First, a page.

The command also sought to standardize and improve practices at detention facilities by arranging for training teams to visit Iraq. One of the most effective teams was composed of MP confinement experts from the United States Disciplinary Barracks at Fort Leavenworth, Kansas, who traveled to all of the major detention facilities in Iraq to conduct a 40-hour course on basic detention procedures.86 Major Charles Seifert, an MP officer who monitored detainee operations at Abu Ghraib in 2004, emphasized another change that was critical in the wake of the abuse scandal at the Abu Ghraib Prison. Seifert noted that in 2004 the MP and MI commands at Abu Ghraib had reasserted the doctrinal and regulatory line that separated the duties of the MI and MP Soldiers. The MPs no longer had any role inside the prison other than escorting the detainee to the JIDC and returning them to their cells at the end of the interrogation.87

As the detainee mission expanded in 2003, the DOD and the Army attempted to give assistance to CJTF-7 in the form of additional MP support. However, because all of the Army Active Duty or Reserve Component MP units were serving in Iraq or Afghanistan or scheduled to deploy to these theaters in 2004, senior Army commanders had to look for innovative solutions to the problem caused by the insufficient number of MPs on the ground in Iraq. They responded by directing contingents of Army National Guard Soldiers to retrain as military police before deploying in support of OIF. Between October 2003 and January 2004, approximately 3,700 National Guard Engineer, Armor, Cavalry, Artillery, and Air Defense Artillery Soldiers from 9 states mobilized and traveled to Fort Dix, New Jersey, where they began the transition to MP duties.88 After the 40-day training program at Fort Dix, the Soldiers earned the designation “provisional MPs” and were reorganized into “in lieu of MP” companies.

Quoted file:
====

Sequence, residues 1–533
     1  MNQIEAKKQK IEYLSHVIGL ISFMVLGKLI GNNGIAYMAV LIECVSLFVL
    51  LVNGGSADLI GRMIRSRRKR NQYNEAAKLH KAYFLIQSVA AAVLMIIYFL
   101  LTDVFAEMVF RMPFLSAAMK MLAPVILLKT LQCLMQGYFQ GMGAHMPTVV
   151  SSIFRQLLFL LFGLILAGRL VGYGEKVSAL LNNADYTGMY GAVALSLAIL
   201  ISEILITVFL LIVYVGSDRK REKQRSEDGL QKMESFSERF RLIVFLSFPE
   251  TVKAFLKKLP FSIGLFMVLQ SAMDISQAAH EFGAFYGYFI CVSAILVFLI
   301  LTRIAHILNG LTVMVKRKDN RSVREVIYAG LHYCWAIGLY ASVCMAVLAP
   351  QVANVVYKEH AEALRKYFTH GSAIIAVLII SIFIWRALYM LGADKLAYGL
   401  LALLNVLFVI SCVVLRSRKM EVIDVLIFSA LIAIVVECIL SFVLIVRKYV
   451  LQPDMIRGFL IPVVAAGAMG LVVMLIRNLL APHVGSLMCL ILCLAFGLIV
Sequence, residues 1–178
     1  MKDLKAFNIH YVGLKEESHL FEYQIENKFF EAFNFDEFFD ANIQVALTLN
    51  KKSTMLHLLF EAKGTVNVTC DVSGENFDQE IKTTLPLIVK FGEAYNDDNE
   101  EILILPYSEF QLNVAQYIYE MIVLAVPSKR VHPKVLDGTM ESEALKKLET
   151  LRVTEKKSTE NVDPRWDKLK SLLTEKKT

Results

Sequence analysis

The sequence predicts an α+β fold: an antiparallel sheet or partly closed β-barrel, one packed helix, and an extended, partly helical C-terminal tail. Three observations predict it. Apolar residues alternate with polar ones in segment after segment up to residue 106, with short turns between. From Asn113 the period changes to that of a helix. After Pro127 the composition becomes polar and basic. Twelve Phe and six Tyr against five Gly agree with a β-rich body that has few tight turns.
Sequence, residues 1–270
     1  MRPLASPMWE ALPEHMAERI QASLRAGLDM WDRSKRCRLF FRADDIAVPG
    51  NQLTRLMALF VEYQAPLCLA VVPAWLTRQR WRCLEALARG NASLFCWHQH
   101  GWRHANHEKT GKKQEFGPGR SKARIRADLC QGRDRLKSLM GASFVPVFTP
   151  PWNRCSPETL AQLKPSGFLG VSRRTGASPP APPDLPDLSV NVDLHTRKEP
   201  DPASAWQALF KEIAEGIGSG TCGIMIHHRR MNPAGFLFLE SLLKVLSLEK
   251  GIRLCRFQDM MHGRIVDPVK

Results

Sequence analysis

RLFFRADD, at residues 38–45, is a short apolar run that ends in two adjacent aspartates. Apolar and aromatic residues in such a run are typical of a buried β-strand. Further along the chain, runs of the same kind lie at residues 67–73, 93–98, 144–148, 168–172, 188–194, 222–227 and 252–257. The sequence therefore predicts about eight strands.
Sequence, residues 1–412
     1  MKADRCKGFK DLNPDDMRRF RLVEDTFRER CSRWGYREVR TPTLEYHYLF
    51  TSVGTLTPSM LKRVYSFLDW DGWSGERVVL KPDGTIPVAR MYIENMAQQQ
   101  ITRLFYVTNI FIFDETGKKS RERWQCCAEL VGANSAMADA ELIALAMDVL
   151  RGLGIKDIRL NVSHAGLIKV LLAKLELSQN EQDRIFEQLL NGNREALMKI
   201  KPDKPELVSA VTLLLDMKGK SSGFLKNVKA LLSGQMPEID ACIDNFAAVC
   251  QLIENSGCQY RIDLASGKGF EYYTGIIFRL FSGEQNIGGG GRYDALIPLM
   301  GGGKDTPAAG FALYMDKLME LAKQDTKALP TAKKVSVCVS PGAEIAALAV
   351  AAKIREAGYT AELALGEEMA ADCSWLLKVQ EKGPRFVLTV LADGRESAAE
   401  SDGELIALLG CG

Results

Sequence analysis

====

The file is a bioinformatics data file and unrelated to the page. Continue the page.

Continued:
These “in lieu of” companies were responsible for a variety of MP missions including convoy escort and route security. Still, most of these provisional MPs played a significant role in CJTF-7’s detainee operations. The Pennsylvania Army National Guard Soldiers of Bravo Battery, 1st Battalion, 107th Field Artillery, for example, deployed to Iraq in February 2004 and spent the next 12 months serving as guards at Camp Bucca near the southern city of Umm Qasr.89 In that period the new MPs dealt with detainee riots, escapes, and other more mundane duties involved in running an internment facility. The Soldiers of 2d Battalion, 103d Armor, also belonging to the Pennsylvania Army National Guard, had a similar experience conducting detainee operations in Baghdad as a unit subordinate to the 89th MP Brigade.90 All of these citizen Soldiers worked and fought alongside their Active Duty colleagues, sometimes without the Active Component headquarters realizing they were “provisional” MPs.91 Although they lacked experience in the field of MP operations, the 20 “in lieu of” MP companies that deployed to Iraq in 2004 gave the CJTF-7 and Multi-National Force–Iraq (MNF-I) commanders the equivalent of a third MP brigade in theater, thus making a significant contribution to the Coalition’s detention mission.